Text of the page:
Reserve Bank of India Governor Duvvuri Subbarao recently suggested that monetary policy needed to rely on price indices that went beyond consumer and wholesale prices. This is in advance of the monetary policy review on July 31. However, a look at the wholesale and consumer price indices, as in Table 1, shows that after a period of sharp divergence some years ago, they actually moved more or less in line until very recently.
That consumer price inflation has increased while wholesale price inflation has fallen could be due to the differing components of the two indices. As Table 2 shows, the currently used wholesale price index (WPI) gives almost a two-thirds weight to manufactured goods; primary goods, including food, are only 20 per cent. The consumer price index (CPI), on the other hand — decomposed in Table 3 — gives a much higher weight to food, almost half the index. Fuel is an additional fifth.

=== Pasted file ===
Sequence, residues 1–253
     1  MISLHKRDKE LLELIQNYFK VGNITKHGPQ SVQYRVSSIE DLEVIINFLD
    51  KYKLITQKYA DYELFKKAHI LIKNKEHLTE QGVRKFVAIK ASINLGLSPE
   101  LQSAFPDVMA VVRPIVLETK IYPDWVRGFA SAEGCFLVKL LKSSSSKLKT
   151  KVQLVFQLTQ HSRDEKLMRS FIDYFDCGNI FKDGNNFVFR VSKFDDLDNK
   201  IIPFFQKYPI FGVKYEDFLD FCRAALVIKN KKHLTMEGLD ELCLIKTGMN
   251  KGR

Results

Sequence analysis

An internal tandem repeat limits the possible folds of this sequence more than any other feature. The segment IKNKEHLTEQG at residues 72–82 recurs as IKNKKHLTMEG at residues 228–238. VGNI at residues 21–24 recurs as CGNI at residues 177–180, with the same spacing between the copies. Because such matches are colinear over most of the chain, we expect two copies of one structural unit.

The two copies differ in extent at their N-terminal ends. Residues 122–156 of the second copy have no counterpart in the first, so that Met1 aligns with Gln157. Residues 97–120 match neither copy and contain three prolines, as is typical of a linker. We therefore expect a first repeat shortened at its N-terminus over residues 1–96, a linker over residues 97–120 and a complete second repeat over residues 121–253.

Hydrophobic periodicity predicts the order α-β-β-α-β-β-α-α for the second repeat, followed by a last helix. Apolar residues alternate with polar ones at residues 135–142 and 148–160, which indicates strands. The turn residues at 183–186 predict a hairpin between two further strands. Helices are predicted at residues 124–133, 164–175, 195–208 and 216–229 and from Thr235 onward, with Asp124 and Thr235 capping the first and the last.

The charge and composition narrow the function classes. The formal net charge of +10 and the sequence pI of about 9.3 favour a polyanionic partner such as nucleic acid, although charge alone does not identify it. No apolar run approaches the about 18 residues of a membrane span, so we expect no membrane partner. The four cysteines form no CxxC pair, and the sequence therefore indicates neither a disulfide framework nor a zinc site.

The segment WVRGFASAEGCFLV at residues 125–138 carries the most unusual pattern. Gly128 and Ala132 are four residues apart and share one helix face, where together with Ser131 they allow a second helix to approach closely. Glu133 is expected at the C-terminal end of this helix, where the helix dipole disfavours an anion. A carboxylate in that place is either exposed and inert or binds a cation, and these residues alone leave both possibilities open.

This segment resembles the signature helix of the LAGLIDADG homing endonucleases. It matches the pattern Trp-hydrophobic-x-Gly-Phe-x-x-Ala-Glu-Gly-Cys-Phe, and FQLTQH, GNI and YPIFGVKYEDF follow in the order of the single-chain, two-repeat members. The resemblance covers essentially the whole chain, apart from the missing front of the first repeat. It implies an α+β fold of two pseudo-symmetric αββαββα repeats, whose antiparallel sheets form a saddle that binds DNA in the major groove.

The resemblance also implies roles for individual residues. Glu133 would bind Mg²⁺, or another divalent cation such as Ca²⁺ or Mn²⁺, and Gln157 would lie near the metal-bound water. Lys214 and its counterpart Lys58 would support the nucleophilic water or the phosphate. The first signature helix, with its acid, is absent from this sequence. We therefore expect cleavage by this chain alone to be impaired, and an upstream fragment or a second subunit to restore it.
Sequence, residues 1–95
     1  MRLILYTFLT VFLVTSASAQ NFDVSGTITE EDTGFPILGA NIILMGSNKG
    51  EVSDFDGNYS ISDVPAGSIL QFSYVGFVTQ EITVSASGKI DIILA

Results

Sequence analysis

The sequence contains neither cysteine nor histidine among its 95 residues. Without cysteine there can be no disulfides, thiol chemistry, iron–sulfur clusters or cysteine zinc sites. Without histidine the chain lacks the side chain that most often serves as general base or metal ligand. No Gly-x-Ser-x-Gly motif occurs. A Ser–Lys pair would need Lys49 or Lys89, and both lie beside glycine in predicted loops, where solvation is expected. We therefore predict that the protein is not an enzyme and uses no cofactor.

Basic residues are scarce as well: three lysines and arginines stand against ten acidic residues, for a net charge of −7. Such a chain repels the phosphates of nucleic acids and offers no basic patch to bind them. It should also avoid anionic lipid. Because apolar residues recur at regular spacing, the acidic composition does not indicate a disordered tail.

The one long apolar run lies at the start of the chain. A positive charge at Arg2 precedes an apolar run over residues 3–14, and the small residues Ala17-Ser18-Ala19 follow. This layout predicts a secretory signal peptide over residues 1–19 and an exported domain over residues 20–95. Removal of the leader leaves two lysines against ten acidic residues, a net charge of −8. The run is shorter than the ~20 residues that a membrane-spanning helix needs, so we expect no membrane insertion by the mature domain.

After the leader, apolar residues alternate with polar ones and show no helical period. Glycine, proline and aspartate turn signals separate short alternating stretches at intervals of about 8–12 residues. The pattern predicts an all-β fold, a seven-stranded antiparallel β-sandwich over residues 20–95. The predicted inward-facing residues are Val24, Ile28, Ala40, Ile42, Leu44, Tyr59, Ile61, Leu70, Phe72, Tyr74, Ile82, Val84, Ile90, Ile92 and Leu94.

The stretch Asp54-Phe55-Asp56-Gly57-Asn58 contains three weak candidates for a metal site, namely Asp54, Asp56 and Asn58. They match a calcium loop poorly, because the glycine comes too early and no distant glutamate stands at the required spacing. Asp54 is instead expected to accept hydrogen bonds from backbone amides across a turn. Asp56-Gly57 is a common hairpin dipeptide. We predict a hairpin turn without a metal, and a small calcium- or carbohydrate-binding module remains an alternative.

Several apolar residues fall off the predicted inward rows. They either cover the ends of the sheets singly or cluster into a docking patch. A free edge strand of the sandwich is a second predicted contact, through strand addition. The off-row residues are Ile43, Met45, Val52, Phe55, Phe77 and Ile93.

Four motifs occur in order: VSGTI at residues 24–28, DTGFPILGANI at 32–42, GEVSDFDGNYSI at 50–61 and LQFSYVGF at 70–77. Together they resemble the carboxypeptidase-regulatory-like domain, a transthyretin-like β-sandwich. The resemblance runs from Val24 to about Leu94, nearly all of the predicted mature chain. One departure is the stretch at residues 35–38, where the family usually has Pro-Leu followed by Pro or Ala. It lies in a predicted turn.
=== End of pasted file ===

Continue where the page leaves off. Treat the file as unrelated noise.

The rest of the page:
When inflation is driven by food and fuel — where cost pushes are beyond the control of monetary policy — the WPI and the CPI will obviously diverge. As Table 4 shows, it is indeed food inflation that has risen sharply of late, in anticipation of a poor monsoon. Meanwhile "core" inflation has shrunk sharply, indicating inflation is no longer generalised, according to Table 5. The pressure is on Subbarao, to cut rates.
As Table 6 shows, prices have decreased worldwide, though consumer prices less so than wholesale prices.(Clilck here for tables)
This accompanies a sharp slowdown in GDP across the world, as Table 7 reveals. (The exception to both rules: Indonesia, which has increasing inflation and growth.) But most banks have sharply cut rates of late, as Table 8 points out. How long will the Reserve Bank of India hold out?